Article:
> http://www.reddit.com/r/programming/comments/8bijk/gcc_c0x_features_exploration/

"Advanced" features have to be used only if they improve the code. I don't like that little article and the following discussion.

The following D1 code shows two ways to solve that problem with my dlibs. The first code to try is the simplest, that is to scan the data three (or even four times):

double avg = cast(double)sum(data) / len(data);
putr("min, max, avg: ", min(data), " ", max(data), " ", avg);

It works with most kind of eager/lazy numerical data, for example a lazy generator that has no length. Note that sum() is sometimes faster than a simple loop.
In many situations that code (plus some safety against division by zero) is good enough.

If you know data is huge or you have found that code to be a bottleneck, and you want a single pass you can use something like the following (code written on the fly, no unittests present, it may contain bugs):
import d.templates: IsAA, BaseType1, Record;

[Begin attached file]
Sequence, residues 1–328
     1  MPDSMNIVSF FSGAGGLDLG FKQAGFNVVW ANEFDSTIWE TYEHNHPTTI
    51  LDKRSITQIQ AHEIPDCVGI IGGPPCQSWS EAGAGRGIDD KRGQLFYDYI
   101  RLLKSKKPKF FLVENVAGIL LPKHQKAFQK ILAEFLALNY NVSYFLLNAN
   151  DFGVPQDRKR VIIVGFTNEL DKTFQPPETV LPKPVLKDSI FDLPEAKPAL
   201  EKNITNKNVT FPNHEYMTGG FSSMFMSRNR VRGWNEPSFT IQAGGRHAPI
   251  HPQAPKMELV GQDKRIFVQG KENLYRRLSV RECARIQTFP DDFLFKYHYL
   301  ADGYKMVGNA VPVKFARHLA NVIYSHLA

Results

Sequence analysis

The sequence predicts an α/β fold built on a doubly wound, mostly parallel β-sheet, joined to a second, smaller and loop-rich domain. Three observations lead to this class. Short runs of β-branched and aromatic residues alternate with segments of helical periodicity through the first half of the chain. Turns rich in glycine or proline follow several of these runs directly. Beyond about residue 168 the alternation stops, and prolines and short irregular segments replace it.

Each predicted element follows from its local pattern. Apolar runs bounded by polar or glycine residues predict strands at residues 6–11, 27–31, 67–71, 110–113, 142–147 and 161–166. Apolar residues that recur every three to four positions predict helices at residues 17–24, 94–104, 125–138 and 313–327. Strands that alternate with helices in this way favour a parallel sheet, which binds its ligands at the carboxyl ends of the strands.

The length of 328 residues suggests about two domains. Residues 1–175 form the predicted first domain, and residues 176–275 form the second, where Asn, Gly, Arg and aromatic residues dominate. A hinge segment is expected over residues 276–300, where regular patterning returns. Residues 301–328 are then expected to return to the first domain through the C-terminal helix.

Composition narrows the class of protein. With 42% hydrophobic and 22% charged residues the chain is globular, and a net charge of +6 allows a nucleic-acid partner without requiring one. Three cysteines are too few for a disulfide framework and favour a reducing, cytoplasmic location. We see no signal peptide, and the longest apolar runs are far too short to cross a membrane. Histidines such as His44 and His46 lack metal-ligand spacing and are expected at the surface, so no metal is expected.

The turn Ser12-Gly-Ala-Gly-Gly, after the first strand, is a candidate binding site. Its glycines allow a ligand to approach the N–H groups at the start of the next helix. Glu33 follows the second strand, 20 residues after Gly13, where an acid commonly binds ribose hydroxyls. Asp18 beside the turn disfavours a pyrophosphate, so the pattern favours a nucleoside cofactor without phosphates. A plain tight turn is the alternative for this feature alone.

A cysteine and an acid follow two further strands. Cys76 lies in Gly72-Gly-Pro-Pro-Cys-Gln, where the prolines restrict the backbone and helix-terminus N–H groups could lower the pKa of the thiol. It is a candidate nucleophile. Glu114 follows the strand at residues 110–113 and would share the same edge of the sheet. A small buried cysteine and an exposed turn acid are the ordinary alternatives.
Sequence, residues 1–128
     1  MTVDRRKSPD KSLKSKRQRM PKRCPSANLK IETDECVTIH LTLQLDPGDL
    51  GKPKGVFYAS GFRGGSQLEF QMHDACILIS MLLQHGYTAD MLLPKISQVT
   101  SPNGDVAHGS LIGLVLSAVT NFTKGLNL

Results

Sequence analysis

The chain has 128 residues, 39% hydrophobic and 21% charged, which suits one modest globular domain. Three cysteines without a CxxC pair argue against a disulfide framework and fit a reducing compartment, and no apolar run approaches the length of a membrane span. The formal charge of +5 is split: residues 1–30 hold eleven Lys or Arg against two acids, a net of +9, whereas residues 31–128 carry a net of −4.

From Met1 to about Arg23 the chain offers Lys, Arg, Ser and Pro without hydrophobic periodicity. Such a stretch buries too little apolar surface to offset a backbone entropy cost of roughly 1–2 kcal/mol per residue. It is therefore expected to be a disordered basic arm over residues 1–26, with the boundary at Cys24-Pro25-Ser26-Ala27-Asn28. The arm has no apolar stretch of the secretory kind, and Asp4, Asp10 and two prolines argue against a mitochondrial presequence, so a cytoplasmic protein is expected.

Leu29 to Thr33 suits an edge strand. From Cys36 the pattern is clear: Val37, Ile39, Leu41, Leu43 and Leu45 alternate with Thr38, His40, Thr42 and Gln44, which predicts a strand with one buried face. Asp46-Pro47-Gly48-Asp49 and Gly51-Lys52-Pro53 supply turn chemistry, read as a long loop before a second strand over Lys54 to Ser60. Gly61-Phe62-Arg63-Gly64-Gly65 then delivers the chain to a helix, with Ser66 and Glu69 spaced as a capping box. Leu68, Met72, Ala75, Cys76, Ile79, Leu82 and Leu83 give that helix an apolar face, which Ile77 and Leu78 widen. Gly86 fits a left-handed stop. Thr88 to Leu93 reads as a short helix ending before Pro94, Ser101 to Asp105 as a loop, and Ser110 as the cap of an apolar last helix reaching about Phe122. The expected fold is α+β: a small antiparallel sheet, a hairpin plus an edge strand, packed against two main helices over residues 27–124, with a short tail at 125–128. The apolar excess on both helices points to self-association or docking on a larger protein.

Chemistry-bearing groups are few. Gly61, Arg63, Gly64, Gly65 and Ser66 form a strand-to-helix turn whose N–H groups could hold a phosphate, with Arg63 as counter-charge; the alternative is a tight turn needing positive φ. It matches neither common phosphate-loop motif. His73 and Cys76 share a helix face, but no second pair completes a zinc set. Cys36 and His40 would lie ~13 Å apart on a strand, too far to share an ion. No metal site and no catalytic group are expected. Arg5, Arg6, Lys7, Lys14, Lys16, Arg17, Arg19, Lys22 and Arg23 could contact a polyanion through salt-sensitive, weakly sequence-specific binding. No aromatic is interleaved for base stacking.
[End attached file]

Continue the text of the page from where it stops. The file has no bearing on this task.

import d.func: putr, min, max, sum, record, len;
import d.exceptions: EmptyException;


Record!(BaseType1!(TSeq), BaseType1!(TSeq), double) minMaxAvg1(TSeq)(TSeq seq, double start=0.0) {
   auto nitems = len(seq);
   if (!nitems)
       throw new EmptyException("minMaxAvg(): 'seq' can't be empty");
   return record(min(seq), max(seq), sum(seq, start) / nitems);
}


Record!(BaseType1!(TSeq), BaseType1!(TSeq), double) minMaxAvg2(TSeq)(TSeq seq, double start=0.0) {
   BaseType1!(TSeq) dmin, dmax;
   double dtot = start;
   int nitems;

   static if (IsAA!(TSeq)) {
       foreach (el, _; seq) {
           if (nitems == 0) {
               dmin = el;
               dmax = el;
           }
           if (dmin > el) dmin = el;
           if (dmax < el) dmax = el;
           dtot += el;
           nitems++;
       }
   } else {
       foreach (el; seq) {
           if (nitems == 0) {
               dmin = el;
               dmax = el;
           }
           if (dmin > el) dmin = el;
           if (dmax < el) dmax = el;
           dtot += el;
           nitems++;
       }
   }
   if (!nitems)
       throw new EmptyException("minMaxAvg(): 'seq' can't be empty");
   return record(dmin, dmax, dtot / nitems);
}

void main() {
   int[] data = [1, 2, 3, 4, 5, 6, 7, 8, 9, 10];

   putr("<min, max, avg>: ", minMaxAvg1(data));
   putr("<min, max, avg>: ", minMaxAvg2(data));
}

(Notice the ugly code duplication caused by the AAs).

The output:
min, max, avg: 1 10 5.5
<min, max, avg>: record(1, 10, 5.5)

Bye,
bearophile
April 10, 2009
Re: The new, new phobos sneak preview
For even bigger data you may use muds: